The Dominican Republic has one of the fastest-growing economies in Latin America, yet its employers are struggling to find qualified applicants for jobs such as software development and nursing. Furthermore, young people between the ages of 15 and 24 face high unemployment rates.
Tagged: workforce development
The 26th U.N. Climate Change Conference of the Parties (COP26) has brought renewed attention to the concept of “green jobs” — those where workers produce goods or provide services that benefit the environment or conserve natural resources and those in which workers’ duties involve making production processes more environmentally friendly.
Preparing the future workforce requires transformations in what we know, how we learn and how we workWritten by
Artificial intelligence, smart systems, decentralized manufacturing and other technologies are driving major uncertainties around the future of work. Experts from MIT and the World Economic Forum suggest that we are in the midst of a fourth industrial revolution, characterized by new technologies that will affect all industries. As the very nature of work changes rapidly, old jobs are disappearing and new jobs are emerging in every sector of the economy. This has produced a major shift in the demand for skills that is happening worldwide, and we can expect further shifts going forward.
Reducing the lag time between the development of new jobs and the preparation of the workforce to meet new skills needs is a core concern for workers, new graduates, employers and governments. And while the pace of transformation in jobs and skills differ by country and region, evolution along the technological spectrum is taking place everywhere.
The World Health Organization estimates that the current shortage of global health care workers is 7.2 million. Without intervention, this number will soar to 18 million by 2030. Rachel Deussom, an FHI 360 expert on the health workforce and Senior Technical Officer, Human Resources for Health, Health Systems Strengthening, hosted a conversation with other FHI 360 colleagues to examine the shortage, its underlying causes and potential solutions.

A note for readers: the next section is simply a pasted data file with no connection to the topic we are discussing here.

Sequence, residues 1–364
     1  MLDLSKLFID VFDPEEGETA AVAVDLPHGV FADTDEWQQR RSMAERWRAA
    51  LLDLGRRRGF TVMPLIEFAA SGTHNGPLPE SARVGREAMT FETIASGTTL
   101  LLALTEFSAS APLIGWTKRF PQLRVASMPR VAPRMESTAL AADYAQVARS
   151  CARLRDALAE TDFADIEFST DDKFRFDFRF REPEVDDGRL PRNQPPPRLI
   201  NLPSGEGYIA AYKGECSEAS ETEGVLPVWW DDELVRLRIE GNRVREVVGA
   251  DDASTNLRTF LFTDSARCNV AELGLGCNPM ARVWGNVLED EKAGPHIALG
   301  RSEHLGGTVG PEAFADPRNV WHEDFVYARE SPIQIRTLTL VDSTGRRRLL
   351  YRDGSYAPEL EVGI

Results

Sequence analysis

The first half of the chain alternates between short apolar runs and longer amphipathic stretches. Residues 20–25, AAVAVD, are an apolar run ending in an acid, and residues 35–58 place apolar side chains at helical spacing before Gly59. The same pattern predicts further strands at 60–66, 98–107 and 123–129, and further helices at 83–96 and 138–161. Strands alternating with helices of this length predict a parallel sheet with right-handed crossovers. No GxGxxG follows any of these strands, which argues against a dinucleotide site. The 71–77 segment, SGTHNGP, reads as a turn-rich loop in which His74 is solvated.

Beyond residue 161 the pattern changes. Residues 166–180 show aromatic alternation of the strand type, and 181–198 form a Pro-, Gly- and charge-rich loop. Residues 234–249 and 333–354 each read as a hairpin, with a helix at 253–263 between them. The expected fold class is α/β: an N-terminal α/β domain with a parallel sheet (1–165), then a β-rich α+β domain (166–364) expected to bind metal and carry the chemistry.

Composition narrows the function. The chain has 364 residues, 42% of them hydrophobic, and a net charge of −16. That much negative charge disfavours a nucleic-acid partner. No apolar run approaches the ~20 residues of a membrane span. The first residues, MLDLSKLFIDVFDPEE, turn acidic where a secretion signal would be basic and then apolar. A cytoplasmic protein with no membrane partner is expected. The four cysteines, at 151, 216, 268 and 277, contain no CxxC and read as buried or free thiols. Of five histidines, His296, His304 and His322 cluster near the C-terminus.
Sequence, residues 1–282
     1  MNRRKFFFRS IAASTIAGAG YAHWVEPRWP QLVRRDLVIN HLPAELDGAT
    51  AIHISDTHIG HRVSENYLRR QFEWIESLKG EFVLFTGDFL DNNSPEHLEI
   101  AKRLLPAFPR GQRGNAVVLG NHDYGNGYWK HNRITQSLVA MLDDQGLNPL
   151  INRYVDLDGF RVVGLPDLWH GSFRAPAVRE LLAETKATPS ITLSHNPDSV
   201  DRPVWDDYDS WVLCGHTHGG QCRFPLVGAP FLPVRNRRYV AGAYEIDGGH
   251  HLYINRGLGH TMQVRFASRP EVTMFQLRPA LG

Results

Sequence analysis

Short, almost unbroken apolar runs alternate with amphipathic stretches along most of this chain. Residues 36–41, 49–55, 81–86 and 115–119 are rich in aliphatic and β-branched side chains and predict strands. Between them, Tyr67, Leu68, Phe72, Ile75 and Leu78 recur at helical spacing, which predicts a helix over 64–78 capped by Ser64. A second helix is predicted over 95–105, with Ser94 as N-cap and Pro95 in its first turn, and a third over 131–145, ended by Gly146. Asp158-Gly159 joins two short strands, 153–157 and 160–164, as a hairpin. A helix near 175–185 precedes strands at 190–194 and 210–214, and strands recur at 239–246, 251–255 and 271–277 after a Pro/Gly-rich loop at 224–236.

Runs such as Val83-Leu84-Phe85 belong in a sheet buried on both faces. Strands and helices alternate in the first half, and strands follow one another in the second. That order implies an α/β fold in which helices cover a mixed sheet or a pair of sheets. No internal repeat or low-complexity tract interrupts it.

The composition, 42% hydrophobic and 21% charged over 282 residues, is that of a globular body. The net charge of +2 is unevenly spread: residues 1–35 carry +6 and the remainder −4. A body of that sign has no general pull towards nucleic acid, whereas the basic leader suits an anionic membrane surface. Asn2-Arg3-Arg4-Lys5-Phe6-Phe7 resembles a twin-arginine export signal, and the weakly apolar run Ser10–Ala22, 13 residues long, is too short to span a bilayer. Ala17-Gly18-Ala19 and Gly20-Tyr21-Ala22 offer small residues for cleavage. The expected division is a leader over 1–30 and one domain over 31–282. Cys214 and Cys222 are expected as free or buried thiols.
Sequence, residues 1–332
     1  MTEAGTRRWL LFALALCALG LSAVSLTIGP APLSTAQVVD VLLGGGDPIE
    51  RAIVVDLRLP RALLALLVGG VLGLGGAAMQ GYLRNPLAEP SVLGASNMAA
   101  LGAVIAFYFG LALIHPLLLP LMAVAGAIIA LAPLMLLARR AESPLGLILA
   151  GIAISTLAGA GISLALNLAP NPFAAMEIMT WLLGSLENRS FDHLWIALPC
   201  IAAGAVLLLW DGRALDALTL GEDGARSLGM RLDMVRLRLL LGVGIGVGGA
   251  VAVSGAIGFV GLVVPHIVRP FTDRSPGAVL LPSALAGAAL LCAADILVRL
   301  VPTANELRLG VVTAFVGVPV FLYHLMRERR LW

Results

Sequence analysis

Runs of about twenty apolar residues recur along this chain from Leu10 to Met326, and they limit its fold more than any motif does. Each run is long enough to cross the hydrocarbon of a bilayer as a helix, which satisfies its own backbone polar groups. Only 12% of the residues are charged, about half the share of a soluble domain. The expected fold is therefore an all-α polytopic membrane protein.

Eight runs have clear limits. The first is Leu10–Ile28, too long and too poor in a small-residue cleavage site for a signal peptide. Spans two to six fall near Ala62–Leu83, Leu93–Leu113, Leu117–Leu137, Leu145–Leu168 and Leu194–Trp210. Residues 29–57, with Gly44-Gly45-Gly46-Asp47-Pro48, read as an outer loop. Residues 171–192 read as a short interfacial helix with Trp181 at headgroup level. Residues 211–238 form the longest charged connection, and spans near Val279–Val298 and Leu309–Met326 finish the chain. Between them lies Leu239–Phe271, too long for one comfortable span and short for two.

An Interview with
Lara Goldmark, Director, Private Sector Innovations, FHI 360
How has the definition of workforce development changed?
Workforce development used to be considered the “poor cousin of education.” It was defined as providing training to produce more and better-prepared workers. Thought leaders have since pushed for a more expansive view. Workforce development is now considered to be more than a single program or initiative. It is an interconnected set of solutions to meet employment needs: It prepares workers with needed skills, emphasizes the value of workplace learning and addresses the hiring demands of employers from the outset. The goal is to place workers in jobs where there are career development opportunities.
Why does workforce development matter globally?
Unemployment is a major issue for countries at various stages of development. A rapid increase in the youth population combined with social and political challenges has exacerbated the unemployment crisis in some of these countries. Workforce development is a logical and important solution to these problems, but only if it is approached in an effective way.
What are key elements of an effective approach to workforce development?
At the national or regional level, there must be an alignment between skills development and public- and private-sector investments to ensure that job creation keeps pace with the preparation of the workforce. Also, program quality — especially demand responsiveness — should be emphasized over scale. Scale is important, but there have been too many large-scale supply-driven efforts in the past.